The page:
Since starting my drawing challenge, I’ve found that I haven’t had as much time lately for reading. Between a full time job, family engagements, and life in general, one body only has so much free time. I’ve still found some time to listen to audio books on my exceptionally long commute, my most recent find- Matched by Ally Condie.
In the Society, officials decide. Who you love. Where you work. When you die.
Cassia has always trusted their choices. It’s hardly any price to pay for a long life, the perfect job, the ideal mate. So when her best friend appears on the Matching screen, Cassia knows with complete certainty that he is the one…until she sees another face flash for an instant before the screen fades to black. Now Cassia is faced with impossible choices: between Xander and Ky, between the only life she’s known and a path no one else has ever dared follow—between perfection and passion.
Matched is a story for right now and storytelling with the resonance of a classic.
I’ve been on a bit of a dystopian YA kick lately, so this novel seemed to fit right in. That being said, it was a pretty run-of-the-mill young adult book. The plot was exactly what you’d expect for a teen novel: sweet young girl ready to meet the man of her dreams only to find out that there may be someone else- AKA another love triangle. Despite the overused plot, the world created by Condie is intriguing. Living in the Society means strict control by an overbearing government entity while citizens are distracted by matching ceremonies, parties for those scheduled to die, and just enough choices to make it appear as if individuals have some input in their own lives. And most people are happy to live their long, boring lives this way. Until there’s a glitch in the system…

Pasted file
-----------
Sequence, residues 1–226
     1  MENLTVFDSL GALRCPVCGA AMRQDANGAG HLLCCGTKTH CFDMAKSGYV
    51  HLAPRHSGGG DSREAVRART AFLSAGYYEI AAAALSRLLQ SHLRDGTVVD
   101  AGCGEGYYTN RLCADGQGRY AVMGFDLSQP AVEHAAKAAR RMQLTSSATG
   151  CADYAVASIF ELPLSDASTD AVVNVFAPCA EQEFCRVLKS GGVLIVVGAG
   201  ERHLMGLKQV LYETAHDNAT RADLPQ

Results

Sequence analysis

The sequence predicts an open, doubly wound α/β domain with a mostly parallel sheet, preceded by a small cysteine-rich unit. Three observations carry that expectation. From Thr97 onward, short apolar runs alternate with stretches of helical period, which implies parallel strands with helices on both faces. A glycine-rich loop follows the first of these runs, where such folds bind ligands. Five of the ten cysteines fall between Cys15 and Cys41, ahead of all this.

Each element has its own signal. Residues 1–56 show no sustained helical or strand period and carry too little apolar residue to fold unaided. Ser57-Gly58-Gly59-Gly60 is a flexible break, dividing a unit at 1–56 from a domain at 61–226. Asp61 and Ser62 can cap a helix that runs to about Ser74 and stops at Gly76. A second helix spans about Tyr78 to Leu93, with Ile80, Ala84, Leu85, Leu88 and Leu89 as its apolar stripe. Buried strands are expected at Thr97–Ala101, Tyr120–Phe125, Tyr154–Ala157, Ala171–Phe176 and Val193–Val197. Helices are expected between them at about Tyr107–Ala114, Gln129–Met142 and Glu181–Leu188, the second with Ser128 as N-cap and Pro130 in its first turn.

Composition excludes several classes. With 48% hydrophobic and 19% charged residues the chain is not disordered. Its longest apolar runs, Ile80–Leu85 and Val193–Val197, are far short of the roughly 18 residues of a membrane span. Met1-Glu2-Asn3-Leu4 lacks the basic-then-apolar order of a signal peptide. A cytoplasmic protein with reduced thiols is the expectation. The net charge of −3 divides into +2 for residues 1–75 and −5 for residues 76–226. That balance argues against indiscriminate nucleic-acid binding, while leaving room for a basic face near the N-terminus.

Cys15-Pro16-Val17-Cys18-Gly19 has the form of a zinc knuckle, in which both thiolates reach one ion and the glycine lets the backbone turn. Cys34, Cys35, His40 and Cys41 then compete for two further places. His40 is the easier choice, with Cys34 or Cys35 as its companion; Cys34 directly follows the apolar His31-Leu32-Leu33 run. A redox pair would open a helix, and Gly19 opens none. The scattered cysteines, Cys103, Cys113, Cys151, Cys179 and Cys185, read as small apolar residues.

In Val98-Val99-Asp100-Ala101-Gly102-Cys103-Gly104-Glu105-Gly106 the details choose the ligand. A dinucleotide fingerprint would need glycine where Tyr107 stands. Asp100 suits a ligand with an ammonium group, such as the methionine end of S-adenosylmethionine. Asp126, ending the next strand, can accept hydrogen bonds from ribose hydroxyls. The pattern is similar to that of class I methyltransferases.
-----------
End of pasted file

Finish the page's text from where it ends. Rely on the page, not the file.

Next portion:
The main protagonist, Cassia, is naive and innocent as the book begins, happy to live as a hardworking cog in society. That is, until certain events force her to begin tearing away at the veil of security shrouding her family to discover the darkness lurking just beyond their shiny little lives. Interactions are realistic for the characters, but somewhat bland simply because the characters within this society are literally bred to have no fire, no rage or curiosity.
The language and writing style are a bit too flowery for my taste. It’s written almost like a romance novel, everything with hyper vivid descriptions so the reader knows every tiny detail of every single scene. It was a bit infuriating at times, leaving me wanting the narrator to get to the point. The book probably could have been better if some of the fluff was cut out.
Overall not a bad read. I give it 3 out of 5 stars and plan to complete the other books of this three part series. If you enjoyed The Giver by Lois Lowry or Delirium by Lauren Oliver (the book I’ll be reviewing next week), then Matched would be right up your alley.